When Alexander was young, Aristotle preached the ill effects of alcohol while dealing with anger. The fall of 328 BC revealed how prone he was to alcohol-related mishaps with the death of Cleitus the black.

Who was Cleitus the Black

Calanus was the son of Dropidas and also a brother to Lanike who was the nurse of Alexander the Great. He was the satrap of Bactria and Sogdiana, and also a general in Philip’s army which he continued even in Alexander’s force.

He was known as Cleitus the Black, due to confusion with another Cleitus in the army who was then designated as Cleitus the white. Although he was black skinned as most Macedonians were dark skinned, the name was not designated to his skin.

What was Alexander’s relation with Cleitus the black

Alexander had a long-standing relationship with Cleitus, the satrap of Bactria and Sogdiana. He kept the region safe while Alexander continued his quests in the east. Apart from being his satrap, Cleitus was also one of Alexander’s oldest friend. He was an experienced general under Phillip II and fought alongside Alexander in many battles. Also, Cleitus’s sister Lanike was a nurse to Alexander as an infant, who in turn respected her as a mother. Legendary accounts also tell us about the time Cleitus stopped a Persian who was about to kill Alexander in the battle of Granicus. Alexander owed his life to him after that. Famous Greek painter Apelles celebrated this brave act by commemorating a painting after Cleitus.

However, the relationship became tense in the years that followed. Several conflicts between the two friends surfaced on issues of war strategies and leadership. Cleitus began holding serious doubts and grudges against his king. One night in 328 BC, this conflict took a serious turn for the worse.

The Banquet in Maracanda

The army was in Maracanda for the time. Alexander hosted a banquet that night in the honour of mythological Greek heroes Pollux and Castor. These legends are immortalized into stars for their heroic deeds. There are conflicts on the matter of what happened on that night pertaining to different historical accounts and sources. Therefore any truthfulness of the record is unclaimed. The party carried on in full swing along with heavy drinking and music.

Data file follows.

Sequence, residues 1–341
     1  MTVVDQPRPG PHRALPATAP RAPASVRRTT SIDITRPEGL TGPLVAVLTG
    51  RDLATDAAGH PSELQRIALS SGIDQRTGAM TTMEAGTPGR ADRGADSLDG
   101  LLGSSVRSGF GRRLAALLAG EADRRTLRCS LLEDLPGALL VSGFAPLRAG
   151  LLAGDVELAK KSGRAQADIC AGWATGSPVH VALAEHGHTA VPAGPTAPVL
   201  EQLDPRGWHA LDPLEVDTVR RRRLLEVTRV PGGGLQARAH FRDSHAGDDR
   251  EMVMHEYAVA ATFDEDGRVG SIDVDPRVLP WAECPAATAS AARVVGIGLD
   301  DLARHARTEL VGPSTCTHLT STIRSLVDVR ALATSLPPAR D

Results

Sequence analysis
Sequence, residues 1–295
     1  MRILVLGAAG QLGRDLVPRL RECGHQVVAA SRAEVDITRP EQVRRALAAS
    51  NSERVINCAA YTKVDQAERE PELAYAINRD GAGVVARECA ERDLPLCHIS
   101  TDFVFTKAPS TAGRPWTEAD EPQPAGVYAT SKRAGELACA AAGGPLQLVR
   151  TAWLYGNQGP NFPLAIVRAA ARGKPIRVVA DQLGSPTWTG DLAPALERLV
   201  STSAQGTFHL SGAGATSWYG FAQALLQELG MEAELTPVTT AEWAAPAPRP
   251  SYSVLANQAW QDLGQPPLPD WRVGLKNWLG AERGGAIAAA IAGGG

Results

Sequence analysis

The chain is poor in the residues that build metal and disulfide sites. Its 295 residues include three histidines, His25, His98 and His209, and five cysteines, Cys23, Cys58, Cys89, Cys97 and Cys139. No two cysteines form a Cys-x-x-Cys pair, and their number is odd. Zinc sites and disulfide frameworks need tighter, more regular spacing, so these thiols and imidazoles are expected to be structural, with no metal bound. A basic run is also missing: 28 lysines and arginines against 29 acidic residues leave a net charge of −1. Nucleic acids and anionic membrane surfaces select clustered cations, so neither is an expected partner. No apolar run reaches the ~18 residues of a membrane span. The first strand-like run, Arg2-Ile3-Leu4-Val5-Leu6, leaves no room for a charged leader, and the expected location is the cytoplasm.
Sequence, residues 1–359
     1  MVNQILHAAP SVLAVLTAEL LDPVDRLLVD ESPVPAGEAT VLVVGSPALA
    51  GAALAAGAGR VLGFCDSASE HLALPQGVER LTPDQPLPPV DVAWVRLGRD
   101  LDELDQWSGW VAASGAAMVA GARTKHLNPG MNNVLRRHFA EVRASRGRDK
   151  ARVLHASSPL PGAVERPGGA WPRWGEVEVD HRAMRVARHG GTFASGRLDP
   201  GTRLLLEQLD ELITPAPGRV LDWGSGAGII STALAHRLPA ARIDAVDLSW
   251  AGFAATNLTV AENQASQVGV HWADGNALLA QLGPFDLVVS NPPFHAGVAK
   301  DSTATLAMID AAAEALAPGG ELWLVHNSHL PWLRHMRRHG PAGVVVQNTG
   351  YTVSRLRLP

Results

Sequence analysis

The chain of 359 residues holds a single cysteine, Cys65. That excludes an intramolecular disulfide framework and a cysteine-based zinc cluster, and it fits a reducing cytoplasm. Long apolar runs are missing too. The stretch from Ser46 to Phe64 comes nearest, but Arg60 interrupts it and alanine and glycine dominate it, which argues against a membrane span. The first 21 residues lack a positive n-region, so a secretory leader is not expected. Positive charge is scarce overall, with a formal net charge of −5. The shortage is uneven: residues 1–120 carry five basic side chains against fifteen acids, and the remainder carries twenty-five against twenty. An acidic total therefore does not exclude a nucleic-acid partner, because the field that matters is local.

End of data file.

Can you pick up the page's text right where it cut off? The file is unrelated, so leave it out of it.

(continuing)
Alexander had ordered certain modifications to his army ranks were  Cleitus was given the charge of 16,000 captured Greek mercenaries who had fought in the Persian army earlier for the fight against steppe nomads. He knew that this would take him away from Alexander and could soon be forgotten and on top of that, the idea of leading a rag tag unit of second rated soldiers in a foreign land had already made him furious.

In the party many of his drunken soldiers proclaimed Alexander as God because of his victories in battle and his unmatched valor. According to Plutarch, a poet accompanying the army recited one of his compositions which made fun of the commanders of the Macedonian army who were overpowered by the enemy on the battlefield. This offended a lot of officials and they retaliated to the poet in loud objections. However, this didn’t effect Alexander and he ordered the poet to continue. After some time, someone from the camp babbled that Phillip had accomplished nothing as compared to Alexander and that Alexander was much of a King than Phillip ever was.